Workers fire up against Abbott’s ongoing anti-union push

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Workplace Relations Minister Tony Abbott spent last year trying to convince employers to be “more militant” — and take on unions. He takes every opportunity he can to convince bosses that many of them have made “insufficient use” of “all sorts of freedoms and flexibilities” within the existing industrial relations laws.

In August Abbott presented his “vision” when he addressed Commerce Queensland: “we have not given up on reform…we will be trying…to make our workplaces better reflect freedom and democracy that we believe is the birthright of every Australian citizen.” This is from a minister ideologically committed to destroying unions. Abbott complains about “unreconstructed pockets of militant Marxism” and “small groups of unionists who often seek to be a kind of combination of Al Capone and Che Guevara.” He wants bosses to sideline unions by negotiating non-union collective agreements under Section 170lk of the Workplace Relations Act. Thanks to vigorous organising by unions, his union-busting policy has so far failed.

LK, no way! Perhaps most embarrassing for Tony Abbott was the rejection of this form of agreement by workers in his own department: despite massive intimidation, public servants gave the anti-union agreement a decisive thumbs down.

The Construction, Forestry, Mining and Energy Union (CFMEU) had a big win in Victoria on 18 December — 75% of workers employed by Grocon rejected an “lk” agreement. As Martin Kingham, Victorian State Secretary of the CFMEU explained, “the Grocon plan would have workers forced to start at 5 am each day, work throughout the day for as long as the boss says so, have no weekends or rostered days off for months at a time, and no annual holidays if it doesn’t suit Grocon.”

Compared to other building contractors, Grocon was a “benevolent” employer with a decades-long history of company loyalty. Kingham explains: “the CFMEU took many years to unionise the Grocon workforce but the company has effectively consolidated support for the union in two weeks.”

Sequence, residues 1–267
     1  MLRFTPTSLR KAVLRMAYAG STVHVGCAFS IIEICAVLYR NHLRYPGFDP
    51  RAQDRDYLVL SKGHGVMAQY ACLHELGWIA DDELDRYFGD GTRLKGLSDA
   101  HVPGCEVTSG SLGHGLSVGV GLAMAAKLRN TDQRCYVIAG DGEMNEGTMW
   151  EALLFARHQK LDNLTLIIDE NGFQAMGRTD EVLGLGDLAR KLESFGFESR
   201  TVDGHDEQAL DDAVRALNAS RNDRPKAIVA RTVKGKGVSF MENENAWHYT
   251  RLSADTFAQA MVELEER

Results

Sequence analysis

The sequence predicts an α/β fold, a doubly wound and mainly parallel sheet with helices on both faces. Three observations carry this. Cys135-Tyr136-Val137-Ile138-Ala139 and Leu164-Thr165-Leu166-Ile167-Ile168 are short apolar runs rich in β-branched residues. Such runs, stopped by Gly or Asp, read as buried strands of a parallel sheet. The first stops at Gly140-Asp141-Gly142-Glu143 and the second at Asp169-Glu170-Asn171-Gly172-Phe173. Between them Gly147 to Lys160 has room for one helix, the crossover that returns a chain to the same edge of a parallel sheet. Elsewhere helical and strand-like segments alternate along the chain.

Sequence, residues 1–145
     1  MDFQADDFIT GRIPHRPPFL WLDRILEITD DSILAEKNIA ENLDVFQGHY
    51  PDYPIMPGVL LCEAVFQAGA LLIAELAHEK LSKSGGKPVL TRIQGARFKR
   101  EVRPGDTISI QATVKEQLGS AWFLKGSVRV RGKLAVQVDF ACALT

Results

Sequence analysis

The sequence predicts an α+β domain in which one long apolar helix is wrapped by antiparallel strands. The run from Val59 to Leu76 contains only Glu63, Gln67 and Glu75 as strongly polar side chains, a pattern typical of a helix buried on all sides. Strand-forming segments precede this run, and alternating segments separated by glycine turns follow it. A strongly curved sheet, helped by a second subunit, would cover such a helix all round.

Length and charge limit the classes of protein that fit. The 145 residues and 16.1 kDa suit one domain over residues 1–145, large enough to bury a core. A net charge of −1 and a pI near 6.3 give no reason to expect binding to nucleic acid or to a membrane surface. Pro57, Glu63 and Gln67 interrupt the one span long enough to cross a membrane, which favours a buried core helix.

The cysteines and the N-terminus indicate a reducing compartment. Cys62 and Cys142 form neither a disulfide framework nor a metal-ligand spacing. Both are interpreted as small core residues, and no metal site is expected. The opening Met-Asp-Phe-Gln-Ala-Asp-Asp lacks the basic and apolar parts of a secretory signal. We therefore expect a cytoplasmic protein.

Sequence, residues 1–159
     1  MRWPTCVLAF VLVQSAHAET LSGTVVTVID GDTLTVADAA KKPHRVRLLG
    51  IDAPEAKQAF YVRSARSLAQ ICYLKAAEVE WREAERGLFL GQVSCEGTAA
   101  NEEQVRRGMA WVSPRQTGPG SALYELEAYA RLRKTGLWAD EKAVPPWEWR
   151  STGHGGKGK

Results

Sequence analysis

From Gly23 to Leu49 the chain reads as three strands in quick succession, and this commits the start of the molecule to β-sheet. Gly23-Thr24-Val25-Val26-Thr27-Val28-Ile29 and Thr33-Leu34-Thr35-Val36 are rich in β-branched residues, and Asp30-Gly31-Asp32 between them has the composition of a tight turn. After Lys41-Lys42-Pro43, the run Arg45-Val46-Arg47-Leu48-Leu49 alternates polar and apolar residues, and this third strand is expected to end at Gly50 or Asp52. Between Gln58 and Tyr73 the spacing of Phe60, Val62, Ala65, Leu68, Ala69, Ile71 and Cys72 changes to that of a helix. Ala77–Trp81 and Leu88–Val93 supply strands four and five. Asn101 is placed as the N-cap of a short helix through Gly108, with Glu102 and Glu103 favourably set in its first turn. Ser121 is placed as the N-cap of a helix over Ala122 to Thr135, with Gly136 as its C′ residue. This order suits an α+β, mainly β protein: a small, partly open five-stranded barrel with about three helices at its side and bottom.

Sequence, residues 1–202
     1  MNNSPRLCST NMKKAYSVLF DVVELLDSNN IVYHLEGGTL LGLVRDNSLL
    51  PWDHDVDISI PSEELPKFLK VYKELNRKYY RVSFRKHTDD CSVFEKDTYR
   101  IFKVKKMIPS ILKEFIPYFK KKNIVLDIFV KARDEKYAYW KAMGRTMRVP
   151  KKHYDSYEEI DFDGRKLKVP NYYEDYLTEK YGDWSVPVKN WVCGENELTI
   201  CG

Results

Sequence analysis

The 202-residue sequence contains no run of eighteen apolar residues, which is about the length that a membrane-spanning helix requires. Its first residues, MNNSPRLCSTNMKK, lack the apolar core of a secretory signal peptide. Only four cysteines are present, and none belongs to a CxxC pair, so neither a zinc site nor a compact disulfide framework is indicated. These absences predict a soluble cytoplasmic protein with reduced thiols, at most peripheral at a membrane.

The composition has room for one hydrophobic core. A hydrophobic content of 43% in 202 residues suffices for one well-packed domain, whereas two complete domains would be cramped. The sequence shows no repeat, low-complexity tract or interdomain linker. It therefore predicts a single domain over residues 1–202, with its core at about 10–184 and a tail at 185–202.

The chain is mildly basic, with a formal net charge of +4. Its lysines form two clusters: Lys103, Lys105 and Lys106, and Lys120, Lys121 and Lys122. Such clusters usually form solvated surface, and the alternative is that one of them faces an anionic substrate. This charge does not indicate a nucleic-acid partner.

It’s been a similar story for the Community and Public Sector Union (CPSU) at Centrelink, with membership skyrocketing. The day after the Grocon vote, an “lk” non-union agreement was put before Centrelink staff around the country in a secret ballot supervised by the Australia Electoral Commission (AEC.) The union ran a vigorous “Vote No” campaign.

In the months prior, the CPSU consulted extensively with members. It developed bargaining principles — supported by 98.4% of members — focussing on winning an agreement which would deliver a real pay rise, be clear about rights and entitlements and make managers accountable. Yet meetings conducted in each workplace revealed widespread opposition to the best position achieved by union negotiators A leaflet circulated by the rank and file group Members First, encapsulated this dissatisfaction: “Hands up those who want to work harder, faster, for longer hours, and all without a decent pay rise. Hands up those who enjoy filling in staff surveys that mean nothing when it comes to changing senior management’s bottom line. Hands up if you want a keyring instead of a better job!”

Members First also described the changing industrial climate: “for the past 6 months we’ve seen Centrelink management change from courting the union during closed door negotiations, to a war footing where they now want to lock the CPSU out altogether with an ‘lk’ agreement. It’s not just about a ‘nasty CEO’ — they only take their marching orders from the ministers in the Howard Government. People like Tony Abbott have an agenda to see unions smashed and corporate Australia get yet another profitable slice of the public sector.”

The union officials read the mood of the members and called for industrial action resulting in two well-supported half-day strikes.

Centrelink workers could not be bribed — despite not receiving a pay rise since July 2001 — decisively rejecting the non-union agreement with a 72% no vote. The CPSU is now demanding that Centrelink management immediately reopen negotiations.

Now organise! The no votes are fantastic. But neither struggle has yet been won. Grocon divided the ballot result into five separate entities — which suggests it might be paving the way for a Patrick’s- style arrangement, where workers are transferred to a new company without their knowledge or agreement. For Centrelink workers, the rejection of the non-union agreement sends a strong message to management. However considerable activity by CPSU members is required to win an agreement which extends, rather than erodes, wages and conditions.

Tony Abbott told Commerce Queensland that his aim is to get rid of “class war.” Instead, by attacking the unions head on, his agenda is leading to a grassroots revitalisation of the union movement. Victory for unions in both the Grocon and the Centrelink ballots was only achieved by recruiting and organising in the workplace and winning the hearts and minds of members. Way to go! Watch out Tony Abbott — this is a dangerous business!

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